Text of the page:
Battling erosion in the Porkies
ONTONAGON — An emergency shoreline project is underway to protect the main entry road on the east end of Porcupine Mountains Wilderness Park from erosion aggravated by high Lake Superior water levels and storm damage.
The Michigan Department of Natural Resources and the Ontonagon County Road Commission have teamed up to protect Ontonagon County Road 107 to ensure continued east access to the 60,000-acre park and its signature attractions.
The DNR is not typically involved in county road projects but is in this case because of the road’s importance to the park.
“Without this main accessway, should a road wash out or undermining occur, visitors to the park’s east end may be required to take an 80-mile detour, via west end entry, or be prevented altogether from reaching numerous points of interest,” said Eric Cadeau, DNR regional field planner.
The estimated $550,000 project is focused at protecting critical roadway assets along the 107th Engineer Memorial Highway, or County Road 107, including the Union River Bridge and shoreline along the road west of the bridge.
“This shoreline protection project is an immediate-response effort intended to keep wave action and storms from further eroding or undermining the bridge or roadway that collectively serves as the eastern gateway to the park,” Cadeau said. “The DNR Parks and Recreation Division and the Ontonagon County Road Commission have also begun a public engagement and planning process, which will help us determine long-term solutions for protecting this invaluable resource.”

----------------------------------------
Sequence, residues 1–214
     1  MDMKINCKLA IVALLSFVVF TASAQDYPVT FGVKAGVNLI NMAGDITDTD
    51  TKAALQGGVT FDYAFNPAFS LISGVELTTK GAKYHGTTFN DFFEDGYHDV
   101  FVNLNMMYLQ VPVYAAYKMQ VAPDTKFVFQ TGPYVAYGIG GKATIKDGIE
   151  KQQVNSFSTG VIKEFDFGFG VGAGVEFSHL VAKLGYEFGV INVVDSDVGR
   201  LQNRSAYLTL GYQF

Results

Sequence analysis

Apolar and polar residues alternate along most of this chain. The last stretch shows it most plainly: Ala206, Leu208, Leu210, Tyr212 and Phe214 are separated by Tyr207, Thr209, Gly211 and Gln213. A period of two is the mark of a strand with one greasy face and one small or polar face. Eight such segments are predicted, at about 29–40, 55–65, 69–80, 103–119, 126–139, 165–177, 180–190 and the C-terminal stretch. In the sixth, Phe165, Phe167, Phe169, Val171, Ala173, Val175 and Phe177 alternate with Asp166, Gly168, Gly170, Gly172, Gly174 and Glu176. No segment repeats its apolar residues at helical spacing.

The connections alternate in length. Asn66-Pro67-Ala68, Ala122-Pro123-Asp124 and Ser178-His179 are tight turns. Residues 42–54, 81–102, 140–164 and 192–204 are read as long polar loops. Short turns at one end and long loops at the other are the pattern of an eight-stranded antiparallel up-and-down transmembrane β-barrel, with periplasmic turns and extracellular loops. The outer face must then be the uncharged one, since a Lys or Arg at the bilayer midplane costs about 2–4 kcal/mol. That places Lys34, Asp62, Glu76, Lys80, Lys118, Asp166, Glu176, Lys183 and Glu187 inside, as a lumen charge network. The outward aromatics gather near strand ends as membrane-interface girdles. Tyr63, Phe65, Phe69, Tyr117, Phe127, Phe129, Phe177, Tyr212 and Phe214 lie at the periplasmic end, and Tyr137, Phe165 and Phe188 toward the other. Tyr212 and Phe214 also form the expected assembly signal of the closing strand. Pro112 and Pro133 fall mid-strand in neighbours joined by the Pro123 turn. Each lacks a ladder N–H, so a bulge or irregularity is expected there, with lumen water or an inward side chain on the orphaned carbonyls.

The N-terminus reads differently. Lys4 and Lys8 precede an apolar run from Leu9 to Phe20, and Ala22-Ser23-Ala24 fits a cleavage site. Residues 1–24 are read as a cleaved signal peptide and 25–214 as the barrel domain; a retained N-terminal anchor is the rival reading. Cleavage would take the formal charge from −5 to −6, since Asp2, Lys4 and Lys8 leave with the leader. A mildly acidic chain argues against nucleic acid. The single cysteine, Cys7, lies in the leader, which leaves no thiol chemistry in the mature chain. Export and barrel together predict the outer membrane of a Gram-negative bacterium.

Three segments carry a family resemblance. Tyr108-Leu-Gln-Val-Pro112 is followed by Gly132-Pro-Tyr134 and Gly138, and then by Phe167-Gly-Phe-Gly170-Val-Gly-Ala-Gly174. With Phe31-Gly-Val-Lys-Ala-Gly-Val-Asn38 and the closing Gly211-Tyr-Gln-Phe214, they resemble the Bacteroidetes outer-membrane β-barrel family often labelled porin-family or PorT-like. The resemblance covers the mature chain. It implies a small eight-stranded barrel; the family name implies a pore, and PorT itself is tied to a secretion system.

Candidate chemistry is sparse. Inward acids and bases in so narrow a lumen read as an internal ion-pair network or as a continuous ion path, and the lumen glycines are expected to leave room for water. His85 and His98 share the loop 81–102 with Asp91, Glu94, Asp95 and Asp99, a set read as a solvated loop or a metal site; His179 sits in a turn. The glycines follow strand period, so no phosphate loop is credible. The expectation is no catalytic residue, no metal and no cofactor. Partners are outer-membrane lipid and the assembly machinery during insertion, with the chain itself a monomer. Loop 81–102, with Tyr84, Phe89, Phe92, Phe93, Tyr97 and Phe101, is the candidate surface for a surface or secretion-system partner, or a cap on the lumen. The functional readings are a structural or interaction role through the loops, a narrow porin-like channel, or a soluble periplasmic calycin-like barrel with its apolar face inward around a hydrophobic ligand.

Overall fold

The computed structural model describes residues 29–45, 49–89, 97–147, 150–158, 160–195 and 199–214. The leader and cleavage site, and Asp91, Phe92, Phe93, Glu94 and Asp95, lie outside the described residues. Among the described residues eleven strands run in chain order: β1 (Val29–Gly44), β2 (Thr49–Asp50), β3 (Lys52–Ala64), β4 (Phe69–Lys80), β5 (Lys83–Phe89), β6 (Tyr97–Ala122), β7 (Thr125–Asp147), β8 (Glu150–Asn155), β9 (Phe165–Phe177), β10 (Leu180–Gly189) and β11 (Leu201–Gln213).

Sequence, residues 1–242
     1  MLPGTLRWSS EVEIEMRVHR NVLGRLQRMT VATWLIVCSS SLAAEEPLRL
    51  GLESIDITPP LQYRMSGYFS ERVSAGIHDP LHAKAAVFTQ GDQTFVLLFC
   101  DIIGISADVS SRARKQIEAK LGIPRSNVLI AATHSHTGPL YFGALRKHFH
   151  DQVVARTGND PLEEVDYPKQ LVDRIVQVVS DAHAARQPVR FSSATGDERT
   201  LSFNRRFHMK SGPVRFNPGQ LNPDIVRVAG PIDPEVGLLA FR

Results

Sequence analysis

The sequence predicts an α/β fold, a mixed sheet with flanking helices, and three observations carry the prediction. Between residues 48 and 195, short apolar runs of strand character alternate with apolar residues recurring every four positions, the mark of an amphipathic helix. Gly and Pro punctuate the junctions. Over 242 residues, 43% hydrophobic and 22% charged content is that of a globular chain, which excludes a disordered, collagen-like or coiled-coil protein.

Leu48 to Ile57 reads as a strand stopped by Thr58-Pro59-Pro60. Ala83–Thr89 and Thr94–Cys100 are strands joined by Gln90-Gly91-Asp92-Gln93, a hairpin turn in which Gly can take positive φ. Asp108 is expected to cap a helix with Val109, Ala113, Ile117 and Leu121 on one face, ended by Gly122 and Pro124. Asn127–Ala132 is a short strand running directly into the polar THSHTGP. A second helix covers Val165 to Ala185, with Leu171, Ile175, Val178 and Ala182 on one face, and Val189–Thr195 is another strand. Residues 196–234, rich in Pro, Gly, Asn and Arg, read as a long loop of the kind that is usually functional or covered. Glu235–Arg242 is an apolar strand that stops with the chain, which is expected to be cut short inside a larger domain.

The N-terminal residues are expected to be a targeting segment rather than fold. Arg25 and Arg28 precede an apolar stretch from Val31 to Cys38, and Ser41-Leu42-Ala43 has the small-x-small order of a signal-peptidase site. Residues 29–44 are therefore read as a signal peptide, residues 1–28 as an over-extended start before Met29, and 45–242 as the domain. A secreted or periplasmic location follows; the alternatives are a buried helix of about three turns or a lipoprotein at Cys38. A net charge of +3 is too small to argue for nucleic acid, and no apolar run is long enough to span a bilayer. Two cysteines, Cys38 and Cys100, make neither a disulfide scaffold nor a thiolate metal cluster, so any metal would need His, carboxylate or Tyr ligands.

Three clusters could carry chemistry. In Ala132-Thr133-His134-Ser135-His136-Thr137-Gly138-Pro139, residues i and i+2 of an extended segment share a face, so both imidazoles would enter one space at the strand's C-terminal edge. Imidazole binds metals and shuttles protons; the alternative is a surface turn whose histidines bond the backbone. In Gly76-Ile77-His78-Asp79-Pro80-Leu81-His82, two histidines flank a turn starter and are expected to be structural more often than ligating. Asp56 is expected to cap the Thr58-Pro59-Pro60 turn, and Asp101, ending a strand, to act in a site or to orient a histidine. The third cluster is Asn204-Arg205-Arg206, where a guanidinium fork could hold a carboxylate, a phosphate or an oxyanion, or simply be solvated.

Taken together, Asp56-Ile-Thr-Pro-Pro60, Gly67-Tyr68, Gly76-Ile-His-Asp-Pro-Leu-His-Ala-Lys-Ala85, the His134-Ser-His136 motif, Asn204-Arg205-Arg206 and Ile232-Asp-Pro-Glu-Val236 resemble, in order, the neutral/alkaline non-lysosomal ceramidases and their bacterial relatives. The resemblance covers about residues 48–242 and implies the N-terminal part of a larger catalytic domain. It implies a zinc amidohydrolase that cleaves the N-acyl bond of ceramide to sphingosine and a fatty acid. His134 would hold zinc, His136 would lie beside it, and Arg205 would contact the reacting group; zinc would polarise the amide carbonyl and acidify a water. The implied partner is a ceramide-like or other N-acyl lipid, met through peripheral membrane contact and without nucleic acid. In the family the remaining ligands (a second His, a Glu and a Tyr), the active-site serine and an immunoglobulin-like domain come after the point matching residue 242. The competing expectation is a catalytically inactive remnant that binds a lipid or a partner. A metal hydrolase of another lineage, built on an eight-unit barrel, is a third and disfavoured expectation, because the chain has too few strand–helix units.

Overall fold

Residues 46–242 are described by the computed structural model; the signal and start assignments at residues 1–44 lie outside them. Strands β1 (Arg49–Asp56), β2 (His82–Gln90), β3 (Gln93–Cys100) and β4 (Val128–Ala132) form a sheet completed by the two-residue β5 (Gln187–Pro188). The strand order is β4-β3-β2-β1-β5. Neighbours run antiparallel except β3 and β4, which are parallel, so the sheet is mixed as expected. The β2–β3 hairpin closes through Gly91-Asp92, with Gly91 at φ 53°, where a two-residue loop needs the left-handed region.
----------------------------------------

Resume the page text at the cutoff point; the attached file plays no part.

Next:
For now, large angular riprap stone will be placed 250 feet east and west from the concrete bridge deck at the Union River. Shoreline armoring will continue west of the bridge, protecting sections of the county road immediately vulnerable to damage in seasonal Lake Superior storm events.
The work is expected to continue through October, affecting traffic along County Road 107, from a half mile east of the Union River Bridge to a half mile west of South Boundary Road. Motorists should expect single-lane closures and one-way traffic controlled by temporary traffic signals.
“The public will be able access the beach and Lake Superior along significant lengths of the county road, but access will not be permitted within the work zone, including at beach areas,” said Mike Maloney, Ontonagon County Road Commission engineer.
Over the past several years, Lake Superior has been experiencing high water levels. In 2014, the lake level rose above the long-term annual average where it has remained. Currently, the Lake Superior water level is 2 feet above that mark. Lake Superior’s water levels are forecasted to be at, or near, record high levels through April 2020.
“In addition to the high-water levels, County Road 107 is affected by wind and waves traveling from up to 170 miles away, which increases wave energy and heightens erosive impacts on the shoreline and the undermining of the road,” Cadeau said.
Meanwhile, the DNR, road commission and the Michigan Department of Transportation have been working over the past several months to develop multiple options for a long-term solution, identify funding sources and create a planning timeline.
A report outlining long-term options and cost estimates can be found at Michigan.gov/DNRPublicInput.
Comments on the long-term options for County Road 107 may be sent through Aug. 31 to CadeauE@Michigan.gov.